Newspaper Clipping, April 10, 1899      SENATOR DOUGLASS-  Death of the Popular Representative From the Twenty-Fifth Senatorial District –  HIS SECOND SESSION – Was One of the Most Energetic and Most Highly Respected Members of the General Assembly.  – Senator Jas. K. P. Douglass died at 1:45 o’clock this afternoon in his apartments in the Arkansas building.  Funeral announcement will be given later.  Senator Douglass had been ill for the past two or three weeks with a complication of gastritis and typhoid fever.  The legislature had furnished him with all possible attention and everything was done to restore his wonted health, but all in vain.  The senate met for the afternoon session and adjourned at once out of respect to his memory.  Senator James Knox Polk Douglass represented the Twenty-Fifth senatorial district, composed of Crawford and Franklin counties and his home was at Alma.  This popular legislator was born in Polk County, eastern Tennessee, February 25, 1841.  He received a liberal academial education, supplemented by a collegiate course at Emory and Henry College of Virginia.  While attending school the war broke out, and he enlisted in the Confederate service, Lookout artillery, and served till the end, being paroled at Meridian, Miss.  He then went to Banks County, Georgia, where he remained until 1873, when he came to Arkansas, settling in Crawford county, one mile south of Alma.  He was engaged in planting and milling.  Senator Douglass was elected to the state senate September, 1896, and was one of the leading members in both sessions.  Since reaching the senate in 1896 his principal efforts have been directed toward improving our fencing laws, exemption from tax of manufacturing enterprises, securing a railway commission, and he has been earnest in his efforts toward the refunding and payment of interest on the state debt.  He never sought or held office previous to his election to the senate in 1896.  The senate this afternoon selected Senators Hall, Ferguson and Lawrence as a committee to escort the remains to Alma where they will be interred tomorrow.  His nearest relative, a cousin, resides there.  The body will be taken up on the Fort Smith train at 8:30 tonight.

Newspaper Clipping, April 11, 1899  A TRIO OF DEATHS – State Senator J.K.P. Douglass Expires in This City.         State Senator J. K. P. Douglass of Alma died shortly before 2 p.m. yesterday at his room in the Arkansas*** building after a fortnight’s illness of typhoid fever.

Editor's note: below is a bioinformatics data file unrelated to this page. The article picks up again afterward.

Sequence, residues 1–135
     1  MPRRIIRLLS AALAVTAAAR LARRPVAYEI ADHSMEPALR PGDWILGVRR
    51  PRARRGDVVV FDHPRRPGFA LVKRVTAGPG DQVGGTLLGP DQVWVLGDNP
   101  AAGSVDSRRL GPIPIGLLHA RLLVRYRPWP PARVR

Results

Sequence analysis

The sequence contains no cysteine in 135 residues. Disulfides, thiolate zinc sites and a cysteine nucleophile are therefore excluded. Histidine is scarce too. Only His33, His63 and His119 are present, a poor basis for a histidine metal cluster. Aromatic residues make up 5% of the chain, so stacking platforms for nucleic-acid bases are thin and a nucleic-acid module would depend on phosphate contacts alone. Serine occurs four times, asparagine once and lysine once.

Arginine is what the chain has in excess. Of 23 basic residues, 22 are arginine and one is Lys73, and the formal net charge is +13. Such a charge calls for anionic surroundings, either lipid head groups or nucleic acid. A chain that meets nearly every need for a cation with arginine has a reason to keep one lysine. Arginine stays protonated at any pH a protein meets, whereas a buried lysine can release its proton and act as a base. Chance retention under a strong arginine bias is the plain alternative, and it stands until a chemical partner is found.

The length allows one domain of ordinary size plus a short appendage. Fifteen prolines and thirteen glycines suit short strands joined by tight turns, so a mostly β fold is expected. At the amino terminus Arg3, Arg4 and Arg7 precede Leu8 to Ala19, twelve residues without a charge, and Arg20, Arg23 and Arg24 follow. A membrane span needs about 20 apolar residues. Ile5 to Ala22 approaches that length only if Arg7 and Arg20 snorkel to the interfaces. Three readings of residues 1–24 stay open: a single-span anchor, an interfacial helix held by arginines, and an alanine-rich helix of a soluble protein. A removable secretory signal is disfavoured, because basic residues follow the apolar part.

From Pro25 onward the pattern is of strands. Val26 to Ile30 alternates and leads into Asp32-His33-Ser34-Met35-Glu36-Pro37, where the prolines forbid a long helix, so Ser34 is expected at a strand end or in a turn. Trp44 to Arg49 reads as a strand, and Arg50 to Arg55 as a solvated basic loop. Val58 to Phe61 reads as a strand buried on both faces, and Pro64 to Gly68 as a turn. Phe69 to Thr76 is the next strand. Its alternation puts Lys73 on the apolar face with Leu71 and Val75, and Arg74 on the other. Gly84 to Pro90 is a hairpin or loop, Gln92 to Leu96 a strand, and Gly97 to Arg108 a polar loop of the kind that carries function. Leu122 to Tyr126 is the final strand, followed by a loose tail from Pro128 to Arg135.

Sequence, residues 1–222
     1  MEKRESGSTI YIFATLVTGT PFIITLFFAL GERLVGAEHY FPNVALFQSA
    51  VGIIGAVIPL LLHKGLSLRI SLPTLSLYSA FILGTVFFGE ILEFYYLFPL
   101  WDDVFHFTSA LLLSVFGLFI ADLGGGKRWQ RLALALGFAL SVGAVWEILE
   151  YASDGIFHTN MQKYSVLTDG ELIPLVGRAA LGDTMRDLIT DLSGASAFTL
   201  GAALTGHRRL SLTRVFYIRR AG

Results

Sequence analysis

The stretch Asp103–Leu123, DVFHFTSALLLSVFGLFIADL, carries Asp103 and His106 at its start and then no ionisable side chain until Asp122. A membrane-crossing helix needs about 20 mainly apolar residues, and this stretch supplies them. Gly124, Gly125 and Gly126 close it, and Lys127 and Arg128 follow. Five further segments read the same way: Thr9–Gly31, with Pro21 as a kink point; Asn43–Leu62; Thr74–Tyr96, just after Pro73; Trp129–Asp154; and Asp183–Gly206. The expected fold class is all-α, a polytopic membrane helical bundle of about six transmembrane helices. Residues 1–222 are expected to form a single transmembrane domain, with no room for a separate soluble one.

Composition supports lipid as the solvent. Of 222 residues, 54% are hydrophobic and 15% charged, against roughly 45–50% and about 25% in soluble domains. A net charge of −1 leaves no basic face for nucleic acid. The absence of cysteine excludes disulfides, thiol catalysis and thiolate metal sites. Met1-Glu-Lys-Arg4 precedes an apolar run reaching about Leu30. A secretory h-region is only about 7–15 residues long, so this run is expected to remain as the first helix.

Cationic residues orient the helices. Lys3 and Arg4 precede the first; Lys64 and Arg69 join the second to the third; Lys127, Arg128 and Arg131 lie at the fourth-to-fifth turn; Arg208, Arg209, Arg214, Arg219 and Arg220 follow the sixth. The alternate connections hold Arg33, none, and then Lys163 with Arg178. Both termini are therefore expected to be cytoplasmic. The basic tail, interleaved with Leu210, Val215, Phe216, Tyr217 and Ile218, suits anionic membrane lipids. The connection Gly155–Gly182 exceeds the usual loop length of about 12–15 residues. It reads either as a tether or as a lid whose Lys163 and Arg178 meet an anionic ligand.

The body was taken last night to Alma for interment under escort of a committee composed of Senators Hall, Ferguson and Lawrence and Representatives Neal of Crawford, Brooks and Welton.  As a mark of respect, the senate adjourned immediately upon the announcement of Senator Douglass’ death and the house adjourned at 3:30 p.m., after adopting a resolution by Mr. Rogers of Crawford County.

James Knox Polk Douglass was a native of Polk county, Tennessee.  He was born February 25, 1841.  He received the finishing touches of his education at Emory college in Georgia and Henry college in Virginia.  He served with distinction in the Confederate army.  Twenty-six years ago he came to Arkansas and located near Alma in Crawford count, where he engaged in agricultural pursuits.  In September 1894 he was elected to represent the Twenty-Fifth district, composed of Crawford and Franklin counties, in the state senate.  As a legislator Senator Douglass was progressive and liberal and he left his impress creditably upon the state’s lawmaking annals.

He left no immediate family and his nearest living relative is a cousin at Alma.


Senate Resolution:


Mr. President and Members of the Arkansas State Senate:

Whereas, On the 10th day of April, 1899, death invaded the ranks of the senate, removing from the walks of life and from its seat in this body, the Hon. James K. P. Douglass, senator from the Twenty-fifth senatorial district of Arkansas, and that it is meet and proper that the senate should place upon the record of its proceedings this recognition of the distinguished public services, high character and eminent abilities of our deceased associate in this body; therefore be it

Resolved, by the senate, That in the death of Hon. James K. P. Douglass this body has been deprived of one of its ablest members and the state on of its most distinguished citizens and ablest statesmen, his community of a high-toned Christian gentleman, and his friends one of their most cherished ***; therefore be it

Resolved further.  That a copy of these resolutions be spread upon the journal of the senate, and that a copy appropriately **** be transmitted to the family of the deceased, and that the members of the senate wear the usual badge of mourning for thirty days in memory of our distinguished associate.

Senator Hall offered the following resolutions:

The secretary of the senate, in preparing the journal for the deceased senators, W. P. Grace and Jas. K. P. Douglass.

Resolved.  That the sympathy of the senate be expressed through the secretary to the family of the deceased representative, Hon. J. D. Steele, late member from Poinsett county.

All the resolutions were unanimously adopted.

Chaplain John H. Dye read an appropriate chapter from the Bible and was followed in prayer by Rev. D. H. Colquitt, chaplain of the house.

Eloquent tributes to the memory of both senators were made by Senators Martin,  McGehee, Hall, Fitbagh, Wilson of Washington, Ferguson, Kimbell, Dowdy, Rains, Kirby and Rev. John H. Dye.


Newspaper Clipping, Sept. 5, 1899   Farm Sold for a Song – The splendid home and farm of the late Senator J. K. P. Douglass was sold at the courthouse in Van Buren Saturday by A. A. McDonald, administrator of the estate.  The farm consisted of 320 acres, and was considered one of the best farms in Crawford County.  It is splendidly improved.  In fact it was an ideal farm.  Capt. W. H. Bolling was the purchaser, it having been knocked down to him for $3,250, being practically $10 an acre.  Capt. Bolling will occupy his recent purchase as a home.  There was but little bidding and the buyer had but little opposition.